I'm confused on how the game's methods are called and when.

So I read that the sequence is:

  1. Initialize
  2. LoadContent
  3. Update
  4. Draw
  5. UnloadContent

Where 3 and 4 are the game loop, so after Update is called, Draw is called, then Update, then Draw, and so on. The game loop (Update and Draw) is executed 60 times per second.

Then I read in another place that Update and Draw can be invoked at different times and Update may be called more then one time before Draw and so on.

... and at the end UnloadContent is invoked after the Update if the Exit method is called.

  • \$\begingroup\$ The 60 frames per second assumes that isFixedTimeStep is set to true, which by default it is. You can set it to false if you want to eke out the most performance from your PC, or for general benchmarking. \$\endgroup\$
    – ChrisC
    Sep 27, 2011 at 16:47

3 Answers 3


There is actually two ways that XNA can execute the game loop, Fixed Step and Variable Step. When you setup your game to run Fixed Step, it will consistently call the Update method based on the targeted elapsed game time. So no matter how fast your computer may be, it will always call the Update method at the same elapsed game time interval, so Update and Draw will get called in succession as you described. However, if your game happens to be running slowly, XNA will begin to call the Update method multiple times before the Draw method, in order to "catch up".

Variable Step on the other hand does not attempt to "keep up", or make multiple Update method calls before the Draw method call, if the game is running slowly.

EDIT: Nice form post that explains Fixed Step and Variable Step is much more depth. gamedev.net

Mirror link for Understanding GameTime - Shawn Hargreaves Blog

  • 7
    \$\begingroup\$ I found the best explanation as to how it works (for me) is here: Understanding GameTime - Shawn Hargreaves Blog \$\endgroup\$ Sep 27, 2011 at 13:22
  • \$\begingroup\$ Thanks, but I don't understand yet if the time of 16 millis. between each calling is for all the game loop or is for the Update and then for the Draw method. \$\endgroup\$
    – xdevel2000
    Sep 27, 2011 at 14:50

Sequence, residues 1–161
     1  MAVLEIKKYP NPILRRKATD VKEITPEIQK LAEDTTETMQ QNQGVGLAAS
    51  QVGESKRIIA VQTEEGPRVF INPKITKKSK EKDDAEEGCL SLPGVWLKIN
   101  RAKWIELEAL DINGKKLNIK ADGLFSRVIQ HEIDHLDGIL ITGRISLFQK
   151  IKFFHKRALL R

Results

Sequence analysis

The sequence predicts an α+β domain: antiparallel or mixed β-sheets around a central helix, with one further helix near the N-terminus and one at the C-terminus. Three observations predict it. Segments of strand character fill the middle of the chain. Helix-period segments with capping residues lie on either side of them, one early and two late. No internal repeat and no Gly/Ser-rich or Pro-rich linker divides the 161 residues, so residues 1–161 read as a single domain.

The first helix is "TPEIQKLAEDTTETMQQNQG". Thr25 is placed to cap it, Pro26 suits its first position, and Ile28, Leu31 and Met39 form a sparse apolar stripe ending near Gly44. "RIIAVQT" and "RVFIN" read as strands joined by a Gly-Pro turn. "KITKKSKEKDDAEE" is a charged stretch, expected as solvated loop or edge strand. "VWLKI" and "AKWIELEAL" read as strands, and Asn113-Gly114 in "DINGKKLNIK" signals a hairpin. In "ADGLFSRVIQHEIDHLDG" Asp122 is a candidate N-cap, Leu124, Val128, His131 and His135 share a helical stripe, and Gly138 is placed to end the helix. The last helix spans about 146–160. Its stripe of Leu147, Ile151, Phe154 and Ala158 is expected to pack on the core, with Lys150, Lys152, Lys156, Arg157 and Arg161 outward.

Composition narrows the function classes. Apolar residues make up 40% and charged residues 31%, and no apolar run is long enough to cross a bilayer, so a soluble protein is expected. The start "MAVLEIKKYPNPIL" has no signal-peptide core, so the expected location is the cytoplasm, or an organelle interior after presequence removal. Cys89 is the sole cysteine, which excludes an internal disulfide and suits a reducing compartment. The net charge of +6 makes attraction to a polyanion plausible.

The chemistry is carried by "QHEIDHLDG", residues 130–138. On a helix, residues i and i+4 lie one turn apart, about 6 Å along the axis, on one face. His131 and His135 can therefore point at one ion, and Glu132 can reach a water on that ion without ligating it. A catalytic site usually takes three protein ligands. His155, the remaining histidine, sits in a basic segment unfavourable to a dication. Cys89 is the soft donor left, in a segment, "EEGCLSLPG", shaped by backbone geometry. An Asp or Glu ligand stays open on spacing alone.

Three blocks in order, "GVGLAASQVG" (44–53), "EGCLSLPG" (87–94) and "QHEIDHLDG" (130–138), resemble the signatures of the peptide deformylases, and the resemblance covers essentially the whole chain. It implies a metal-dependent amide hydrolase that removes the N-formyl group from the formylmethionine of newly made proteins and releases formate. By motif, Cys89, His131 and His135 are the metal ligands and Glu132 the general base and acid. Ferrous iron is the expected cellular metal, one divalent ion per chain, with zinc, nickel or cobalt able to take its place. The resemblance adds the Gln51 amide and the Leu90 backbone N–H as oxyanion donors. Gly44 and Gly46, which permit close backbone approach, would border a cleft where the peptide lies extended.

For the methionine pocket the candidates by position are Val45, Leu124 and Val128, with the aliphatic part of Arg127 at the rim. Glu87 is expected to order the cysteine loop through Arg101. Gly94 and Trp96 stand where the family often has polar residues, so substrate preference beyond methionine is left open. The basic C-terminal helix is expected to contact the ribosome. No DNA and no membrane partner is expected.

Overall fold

• \$\begingroup\$ @xdevel2000, the game loop is just the Update and Draw methods. But you can call other methods within the Update and Draw methods, all of which will become part of the game loop. \$\endgroup\$ Sep 27, 2011 at 15:42
  • \$\begingroup\$ @Neeko, yes but you don't answer my question! Please, I ask you if 16 millis. are for each method or are for all game loop (Update and Draw). Thanks. \$\endgroup\$
    – xdevel2000
    Sep 27, 2011 at 18:15
  • \$\begingroup\$ @xdevel2000 Sorry that I'm answering this over a year later, but I just noticed this question! The 16ms is for an entire, single game loop cycle. Not for every method called within that cycle. \$\endgroup\$ Dec 22, 2012 at 2:42

Unless you are writing a game for Windows, and you are loading unmanaged content, don't worry about UnloadContent. If all you are doing is drawing with SpriteBatch and maybe playing SoundEffect and Song objects, just forget about UnloadContent() for now.

For Update and Draw, when you are getting started with XNA, just think in your mind that the XNA Framework will automatically call Update, then Draw, then Update, then Draw... and so on. Are there exceptions? Yes. Do you need to worry about them when you are getting started? No, unless you are an experienced game developer already. If so, accept my apologies...

If your game uses Fixed Time Step, then it will delay so that this loop doesn't go faster than the time step. Windows Phone projects add in a line of code to fix the game to 30fps. You'll learn a little about that by doing nothing more than creating a brand new Windows Game project and then a brand new Windows Phone Game project. Look for the one line of code on the Windows Phone project that fixes time step.

The comment above to look at Shawn Hargreaves post is spot on. In fact, he is THE source if you want frank developer talk on the XNA framework. It's a few years of posts to go through, but that is a good resource.

  • 1
    \$\begingroup\$ To expand a bit on UnloadContent, that is meant to apply to the default ContentManager that the Game object provides. You can create new ContentManagers for loading and managing different content in your games yourself, but in this case it's not necessary. The default ContentManager is disposed when Game exits, which then automatically unloads the content. \$\endgroup\$
    – ChrisC
    Sep 27, 2011 at 16:51

I don't know a way of changing the order, but Update and Draw are just functions so you could call them from other places - though I can't think of a use of this. As a general rule, you would just use Update, Draw, Update, Draw etc. like you said.

Unload is called after exit function is called yes.


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